French workers pour onto the streets to defend their right to retire at 60, as rolling strikes shut down oil refineries and threatened to leave Paris airports without fuel.
Paris strikes threaten airport fuel supplies
French workers poured onto the streets today to defend their right to retire at 60, as rolling strikes shut down oil refineries and threatened to leave Paris airports without fuel.
High-school students have bolstered a wave of protests against president Nicolas Sarkozy's plan to increase the minimum retirement age to 62, and riot police fired tear gas and arrested over 200 at student rallies on Friday.
Interior minister Brice Hortefeux has told police to "limit the use of force to what is strictly necessary" when dealing with any student unrest that erupts at Saturday's protests, the fifth in less than six weeks.
Unions want to pummel the government into backing down on its pension reform plans, staging strikes on weekdays and mass demonstrations in cities at the weekend. Over 230 rallies are planned for Saturday, the CGT union said.
Unions are hoping that millions will take part in the main march in Paris, to begin around 12.30pm GMT, as rallies kicked off around the country.
"We're prepared to demonstrate under the snow if it takes that long," Airbus worker Stephane Thibault, 37, said at a demonstration in the southern city of Toulouse, where the government said 24,000 were on the streets.
"We're mobilised, everyone seems motivated. With right-wing governments, we know you have to resist," he said.
Strikes have shut down 10 out of France's 12 oil refineries, despite riot police being dispatched to keep the fuel flowing amid reports of panic buying.
The government has given oil companies permission to tap into their own emergency stocks, but has resisted calls to open the part of the French strategic fuel reserve controlled by a government committee.
Lack of fuel forced the shutdown of a pipeline to Paris's two main airports.
The main Paris hub, Roissy Charles de Gaulle, has enough aviation fuel to last until Monday evening or Tuesday, the transport ministry said, with planes reportedly being told to arrive with enough fuel for the return journey.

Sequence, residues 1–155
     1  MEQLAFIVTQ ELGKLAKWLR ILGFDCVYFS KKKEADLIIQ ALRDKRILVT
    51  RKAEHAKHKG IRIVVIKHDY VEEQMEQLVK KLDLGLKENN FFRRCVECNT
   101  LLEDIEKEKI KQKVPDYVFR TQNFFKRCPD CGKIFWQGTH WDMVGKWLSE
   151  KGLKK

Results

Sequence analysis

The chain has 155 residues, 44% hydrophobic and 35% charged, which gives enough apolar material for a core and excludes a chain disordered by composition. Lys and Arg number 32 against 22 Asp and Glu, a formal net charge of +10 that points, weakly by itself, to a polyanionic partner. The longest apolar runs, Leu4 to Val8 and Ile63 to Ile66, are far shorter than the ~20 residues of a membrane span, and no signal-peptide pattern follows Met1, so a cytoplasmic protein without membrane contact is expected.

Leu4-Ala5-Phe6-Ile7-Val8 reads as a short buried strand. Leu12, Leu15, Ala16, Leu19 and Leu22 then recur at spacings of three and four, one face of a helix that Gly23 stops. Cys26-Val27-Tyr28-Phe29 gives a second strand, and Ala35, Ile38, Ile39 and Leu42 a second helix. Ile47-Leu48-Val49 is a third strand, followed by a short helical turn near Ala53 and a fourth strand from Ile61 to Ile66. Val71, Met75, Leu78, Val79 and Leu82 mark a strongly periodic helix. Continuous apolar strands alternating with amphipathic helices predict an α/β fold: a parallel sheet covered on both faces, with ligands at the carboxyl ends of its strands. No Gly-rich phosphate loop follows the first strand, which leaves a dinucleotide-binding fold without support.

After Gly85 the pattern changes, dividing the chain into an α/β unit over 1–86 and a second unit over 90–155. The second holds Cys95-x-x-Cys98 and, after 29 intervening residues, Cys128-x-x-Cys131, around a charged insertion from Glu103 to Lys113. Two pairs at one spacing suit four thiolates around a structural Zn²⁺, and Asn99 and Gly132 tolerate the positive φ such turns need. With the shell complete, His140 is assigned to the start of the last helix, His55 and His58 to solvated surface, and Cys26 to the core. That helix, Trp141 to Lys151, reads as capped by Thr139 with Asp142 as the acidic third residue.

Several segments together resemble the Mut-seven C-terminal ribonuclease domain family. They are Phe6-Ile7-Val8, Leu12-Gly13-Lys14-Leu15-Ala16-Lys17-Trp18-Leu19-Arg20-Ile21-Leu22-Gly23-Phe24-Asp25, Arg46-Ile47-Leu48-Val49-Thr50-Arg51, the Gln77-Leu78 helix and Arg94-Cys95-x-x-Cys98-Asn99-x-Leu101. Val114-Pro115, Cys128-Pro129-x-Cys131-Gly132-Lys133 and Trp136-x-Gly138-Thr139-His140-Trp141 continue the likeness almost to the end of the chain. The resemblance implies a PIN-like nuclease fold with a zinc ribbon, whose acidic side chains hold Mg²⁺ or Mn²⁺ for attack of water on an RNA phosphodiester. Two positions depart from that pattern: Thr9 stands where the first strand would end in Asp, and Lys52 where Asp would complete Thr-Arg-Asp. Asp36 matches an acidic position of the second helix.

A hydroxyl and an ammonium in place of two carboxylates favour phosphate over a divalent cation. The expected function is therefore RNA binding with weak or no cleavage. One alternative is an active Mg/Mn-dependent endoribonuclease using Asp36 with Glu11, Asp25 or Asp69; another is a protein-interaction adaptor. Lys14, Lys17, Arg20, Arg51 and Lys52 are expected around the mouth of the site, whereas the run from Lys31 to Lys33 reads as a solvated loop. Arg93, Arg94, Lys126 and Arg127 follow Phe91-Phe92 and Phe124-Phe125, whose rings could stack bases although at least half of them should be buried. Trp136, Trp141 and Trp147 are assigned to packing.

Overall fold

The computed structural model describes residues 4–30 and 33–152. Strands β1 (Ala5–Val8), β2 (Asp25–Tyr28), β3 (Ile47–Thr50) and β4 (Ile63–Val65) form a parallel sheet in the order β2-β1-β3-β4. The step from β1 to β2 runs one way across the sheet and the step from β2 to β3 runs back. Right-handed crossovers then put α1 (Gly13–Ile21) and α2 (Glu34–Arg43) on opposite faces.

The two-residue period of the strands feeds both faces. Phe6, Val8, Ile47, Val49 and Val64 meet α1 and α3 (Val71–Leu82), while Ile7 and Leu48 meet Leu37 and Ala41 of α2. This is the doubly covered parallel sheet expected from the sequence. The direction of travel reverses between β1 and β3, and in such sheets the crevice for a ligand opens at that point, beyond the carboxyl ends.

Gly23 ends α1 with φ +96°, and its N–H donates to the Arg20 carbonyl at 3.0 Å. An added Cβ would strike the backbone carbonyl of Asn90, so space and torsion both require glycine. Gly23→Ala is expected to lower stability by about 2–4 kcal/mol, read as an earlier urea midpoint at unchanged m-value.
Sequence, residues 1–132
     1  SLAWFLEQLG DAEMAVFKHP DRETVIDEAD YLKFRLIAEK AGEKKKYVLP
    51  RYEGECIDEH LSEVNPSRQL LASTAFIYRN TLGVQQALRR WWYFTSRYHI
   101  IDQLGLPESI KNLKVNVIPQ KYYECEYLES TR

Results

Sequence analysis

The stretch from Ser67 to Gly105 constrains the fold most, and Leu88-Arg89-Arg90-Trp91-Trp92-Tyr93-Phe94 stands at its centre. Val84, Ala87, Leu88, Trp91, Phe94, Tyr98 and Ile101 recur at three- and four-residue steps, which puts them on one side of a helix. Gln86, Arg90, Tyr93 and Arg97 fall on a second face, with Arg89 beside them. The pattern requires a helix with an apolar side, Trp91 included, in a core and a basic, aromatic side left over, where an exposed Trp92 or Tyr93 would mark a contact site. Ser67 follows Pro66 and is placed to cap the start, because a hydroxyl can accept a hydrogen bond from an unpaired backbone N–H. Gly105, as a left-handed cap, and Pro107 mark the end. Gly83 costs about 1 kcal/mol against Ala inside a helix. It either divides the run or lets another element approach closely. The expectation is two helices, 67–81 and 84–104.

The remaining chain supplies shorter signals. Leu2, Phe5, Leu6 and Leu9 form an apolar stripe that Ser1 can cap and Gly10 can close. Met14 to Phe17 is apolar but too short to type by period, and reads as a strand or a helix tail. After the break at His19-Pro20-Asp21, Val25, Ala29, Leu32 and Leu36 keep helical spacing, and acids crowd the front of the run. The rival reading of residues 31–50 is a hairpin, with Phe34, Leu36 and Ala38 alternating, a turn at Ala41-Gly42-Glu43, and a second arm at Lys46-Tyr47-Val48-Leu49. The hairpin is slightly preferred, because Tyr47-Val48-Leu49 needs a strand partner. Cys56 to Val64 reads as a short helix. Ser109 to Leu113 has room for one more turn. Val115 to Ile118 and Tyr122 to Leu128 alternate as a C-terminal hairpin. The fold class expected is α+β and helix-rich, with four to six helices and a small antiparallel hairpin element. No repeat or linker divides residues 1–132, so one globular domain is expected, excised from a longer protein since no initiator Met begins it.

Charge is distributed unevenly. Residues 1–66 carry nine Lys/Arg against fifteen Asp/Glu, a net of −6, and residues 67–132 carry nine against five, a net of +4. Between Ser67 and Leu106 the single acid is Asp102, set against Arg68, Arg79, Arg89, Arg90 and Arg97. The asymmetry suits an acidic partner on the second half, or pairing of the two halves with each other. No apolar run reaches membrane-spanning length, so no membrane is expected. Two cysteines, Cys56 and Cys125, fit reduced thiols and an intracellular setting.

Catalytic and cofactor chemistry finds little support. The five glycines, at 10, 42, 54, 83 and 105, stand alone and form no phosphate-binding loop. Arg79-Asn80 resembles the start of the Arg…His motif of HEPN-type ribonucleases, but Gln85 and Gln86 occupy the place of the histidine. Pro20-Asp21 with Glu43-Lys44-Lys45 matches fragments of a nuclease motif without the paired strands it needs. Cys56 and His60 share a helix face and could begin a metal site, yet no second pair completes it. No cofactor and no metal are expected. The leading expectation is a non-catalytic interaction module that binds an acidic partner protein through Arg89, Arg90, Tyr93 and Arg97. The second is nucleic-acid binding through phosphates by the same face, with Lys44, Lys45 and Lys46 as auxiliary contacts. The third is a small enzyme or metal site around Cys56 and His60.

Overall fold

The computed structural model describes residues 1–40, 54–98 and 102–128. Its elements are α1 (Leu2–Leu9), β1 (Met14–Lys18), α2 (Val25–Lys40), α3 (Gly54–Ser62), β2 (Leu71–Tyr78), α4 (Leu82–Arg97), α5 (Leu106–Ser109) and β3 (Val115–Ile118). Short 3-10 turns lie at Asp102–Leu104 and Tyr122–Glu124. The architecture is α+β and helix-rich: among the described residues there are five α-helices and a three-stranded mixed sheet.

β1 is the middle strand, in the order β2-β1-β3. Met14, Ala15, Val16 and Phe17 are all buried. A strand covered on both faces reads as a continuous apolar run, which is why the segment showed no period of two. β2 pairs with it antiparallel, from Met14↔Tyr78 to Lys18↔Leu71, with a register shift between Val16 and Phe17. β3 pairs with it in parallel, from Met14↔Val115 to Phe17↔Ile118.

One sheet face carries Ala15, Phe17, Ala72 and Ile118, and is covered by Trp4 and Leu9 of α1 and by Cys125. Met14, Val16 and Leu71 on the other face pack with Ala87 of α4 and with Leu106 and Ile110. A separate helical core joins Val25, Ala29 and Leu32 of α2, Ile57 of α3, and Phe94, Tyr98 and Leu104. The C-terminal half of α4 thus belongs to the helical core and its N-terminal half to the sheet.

"We have ways of finding a solution to supply the airport. We're confident," the spokesman said. "The pipeline supplying fuel to Orly and Roissy airports is working intermittently."
Finance minister Christine Lagarde called on people not to panic about potential fuel shortages.
"I'm sure that with intelligent social dialogue we will be able to free things up rather than block them," she said.
Shopowners began clearing rubbish from streets in the southern port of Marseille, where rubbish collectors have been on strike since Wednesday.
French truck drivers are also to join protests. "There's impatience, the guys are saying 'let's go'," said transport union chief Maxime Dumont
Railway operator SNCF said that on average two out of three high-speed TGV trains would be running in and out of Paris, although only one TGV in four will run outside the capital. The Paris metro will be running normally.
Because of a separate Belgian railway strike all high-speed Thalys trains between Paris and Brussels will be cancelled. Eurostar trains travelling under the Channel will be unaffected.
Unions and the Socialist opposition have vowed to defend the right to retire at 60. They accuse Sarkozy of making workers carry the burden for the failure of the financial sector, and have proposed increasing taxes on the rich.
A nationwide day of strikes and demonstrations last Tuesday brought more than a million people on to the streets, and workers in some sectors have kept up their stoppages since then. Another mass strike is planned for next Tuesday.
More than half of French - 57 percent - want the government to draw up a new pension reform law, an opinion poll in the communist daily L'Humanite said, while 27 percent want the bill to remain as is.
The head of the powerful CGT union, Bernard Thibault, warned that the protests might not end even after the government passes the reform law.
"Today they think they can pass the law. We'll see, there's still a day of demonstrations and strikes on Tuesday," he told Europe 1 radio.
"You know from experience that even a law that has been passed doesn't end dissent," Mr Thibault added, referring to 2006 protests that led to a law on youth employment contracts never being applied despite being passed.
But the government has shown no sign of retreating from what is a cornerstone of Sarkozy's reform agenda as he prepares for his likely re-election battle in 2012.